ĥ 21 =E[e −jw r t ĥ 1 ]=E[e −jw r t(ĥ 11 +e jw r t ĥ 21)]=E[e −jw r t ĥ 11 21 ]=E[e jw r t ĥ 11 ]+ĥ 21,
and
ĥ 22 =E[e −jw r t ĥ 2 ]=E[e −jw r t(ĥ 12 +e jw r t ĥ 22)]=E[e −jw r t ĥ 12 22 ]=E[e −jw r t ĥ 12 ]+ĥ 22
where E[e−jw r 11] and E[e−jw r tĥ12] over a full 360-degree rotation period is equal to zero. In this regard, channel estimates ĥ21 and ĥ22 may referred to as second channel estimates because they correspond to propagation channels related to a second transmit antenna.

The channel estimation operations performed by the SWG channel estimator 418 may be extended to cases where M receive antennas result in a first and second baseband combined channel estimates, ĥ1 and ĥ2, which comprise information regarding propagation channels h11 to hM1 and h2 to hM2. In that case, a plurality of channel estimator blocks may be utilized to determine the matrix ĤM2 of propagation channel estimates ĥ11 to ĥM1 and ĥ12 to ĥM2.

FIG. 7 is a flow diagram illustrating exemplary steps for channel estimation based on complex multiplication and integration of a first and second baseband combined channel estimates, in accordance with an embodiment of the invention. Referring to FIG. 7, after start step 702, in step 704, the integration time and/or integration resolution may be selected for the first and second integrators in FIG. 6. For example, the SWBBG 221 in FIG. 2A may select the integration time. In step 706, the delay signal may be asserted to initiate the operations performed by the phase rotator 602, the first integrator 604, and the second integrator 608. The phase rotator 602 may generate a complex conjugate of the rotation waveform ejw r t. In step 708, the first and second baseband combined channel estimates, ĥ1 and ĥ2, may be transferred to the second integrator 608 and to the mixer 606 for processing. In step 710, the baseband combined channel estimates, ĥ1 and ĥ2, may be multiplied by the complex conjugate of the rotation waveform ejw r t.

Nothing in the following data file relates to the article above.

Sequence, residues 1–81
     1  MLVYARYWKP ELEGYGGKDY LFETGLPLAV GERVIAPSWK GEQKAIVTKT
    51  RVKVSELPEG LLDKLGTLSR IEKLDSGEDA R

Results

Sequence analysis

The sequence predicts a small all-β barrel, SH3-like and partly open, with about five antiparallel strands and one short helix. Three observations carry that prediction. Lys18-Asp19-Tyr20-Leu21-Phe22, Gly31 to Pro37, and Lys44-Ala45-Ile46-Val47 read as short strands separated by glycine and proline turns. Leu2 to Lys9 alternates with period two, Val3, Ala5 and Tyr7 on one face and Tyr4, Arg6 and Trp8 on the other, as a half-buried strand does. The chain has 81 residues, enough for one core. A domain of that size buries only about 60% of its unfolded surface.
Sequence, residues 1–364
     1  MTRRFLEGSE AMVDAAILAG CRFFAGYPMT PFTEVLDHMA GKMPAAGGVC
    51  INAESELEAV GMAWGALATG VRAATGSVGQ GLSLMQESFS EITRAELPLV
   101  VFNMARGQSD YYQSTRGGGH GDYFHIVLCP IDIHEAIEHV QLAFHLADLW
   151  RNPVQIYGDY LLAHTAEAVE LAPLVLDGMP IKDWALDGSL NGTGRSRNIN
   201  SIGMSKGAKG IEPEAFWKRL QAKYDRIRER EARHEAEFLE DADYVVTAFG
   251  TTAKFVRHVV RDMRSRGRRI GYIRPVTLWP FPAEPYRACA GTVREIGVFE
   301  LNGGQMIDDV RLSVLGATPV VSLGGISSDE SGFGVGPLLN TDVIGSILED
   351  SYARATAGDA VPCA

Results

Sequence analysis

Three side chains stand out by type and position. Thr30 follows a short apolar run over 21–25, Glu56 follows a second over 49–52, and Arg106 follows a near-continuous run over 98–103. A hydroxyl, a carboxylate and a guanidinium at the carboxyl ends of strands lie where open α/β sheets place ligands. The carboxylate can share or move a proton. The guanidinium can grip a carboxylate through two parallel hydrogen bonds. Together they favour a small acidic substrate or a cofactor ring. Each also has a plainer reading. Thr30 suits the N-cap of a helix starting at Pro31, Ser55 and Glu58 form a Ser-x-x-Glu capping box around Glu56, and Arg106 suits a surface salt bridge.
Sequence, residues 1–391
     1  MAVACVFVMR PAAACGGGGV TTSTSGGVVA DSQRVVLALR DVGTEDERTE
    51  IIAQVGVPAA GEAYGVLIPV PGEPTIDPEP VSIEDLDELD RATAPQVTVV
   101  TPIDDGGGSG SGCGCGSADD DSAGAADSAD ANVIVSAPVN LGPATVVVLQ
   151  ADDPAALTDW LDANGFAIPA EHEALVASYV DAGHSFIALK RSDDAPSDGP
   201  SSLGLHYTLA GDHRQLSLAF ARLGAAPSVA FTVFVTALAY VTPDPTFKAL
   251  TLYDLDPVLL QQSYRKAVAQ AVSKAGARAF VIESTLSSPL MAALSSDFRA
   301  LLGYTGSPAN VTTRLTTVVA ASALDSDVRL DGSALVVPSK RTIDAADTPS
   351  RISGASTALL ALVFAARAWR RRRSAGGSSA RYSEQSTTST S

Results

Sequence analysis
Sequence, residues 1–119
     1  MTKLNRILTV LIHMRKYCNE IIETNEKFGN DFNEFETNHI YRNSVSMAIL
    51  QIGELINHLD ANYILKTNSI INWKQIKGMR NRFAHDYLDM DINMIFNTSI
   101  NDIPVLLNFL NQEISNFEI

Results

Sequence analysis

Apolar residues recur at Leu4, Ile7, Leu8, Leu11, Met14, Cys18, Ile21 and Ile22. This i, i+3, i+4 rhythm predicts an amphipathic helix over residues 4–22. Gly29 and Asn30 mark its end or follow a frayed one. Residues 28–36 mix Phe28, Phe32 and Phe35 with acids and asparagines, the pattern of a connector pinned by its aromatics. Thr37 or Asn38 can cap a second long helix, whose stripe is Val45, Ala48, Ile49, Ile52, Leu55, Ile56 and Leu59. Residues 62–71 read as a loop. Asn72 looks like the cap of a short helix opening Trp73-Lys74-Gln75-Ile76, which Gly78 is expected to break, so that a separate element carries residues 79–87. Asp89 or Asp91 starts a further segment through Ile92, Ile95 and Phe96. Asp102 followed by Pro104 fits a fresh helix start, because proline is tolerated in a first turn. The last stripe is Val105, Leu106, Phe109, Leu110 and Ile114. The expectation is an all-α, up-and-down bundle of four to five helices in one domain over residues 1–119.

In step 712, integration over a 360-degree phase rotation period may be performed in the first integrator 604 and the second integrator 608 to determine propagation channel estimates ĥ21 and ĥ22 and ĥ11 and ĥ2 respectively. In step 714, after the propagation channel estimates have been determined, the SWG channel estimator 418 in FIG. 4A may generate the algorithm start signal to indicate to the SWG algorithm block 420 that the propagation channel estimates are available. The SWG algorithm block 420 may start operations for determining channel weights when the algorithm start signal is asserted. In step 716, the SWG algorithm block 420 may generate channel weights based on the propagation channel estimates. The channel weights may be applied to the additional or second receive antenna.

In step 718, the receiver system 400 in FIG. 4A may determine whether the phase rotation operation on the received SC communication signals is periodic. When the phase rotation is not periodic but continuous, control may proceed to step 708 where the next set of first and second baseband combined channel estimates, ĥ1 and ĥ2, from the BB processor 220 in FIG. 2A may be available for channel estimation. When the phase rotation is periodic, control may proceed to step 720 where the SWG channel estimator 418 may wait until the delay signal is asserted to initiate the operations performed by the phase rotator 602, the first integrator 604, and the second integrator 608. In this regard, control may proceed to step 706 upon the assertion of the reset signal to the phase rotator start controller 414 and the generation of the control signals to the delay block 416.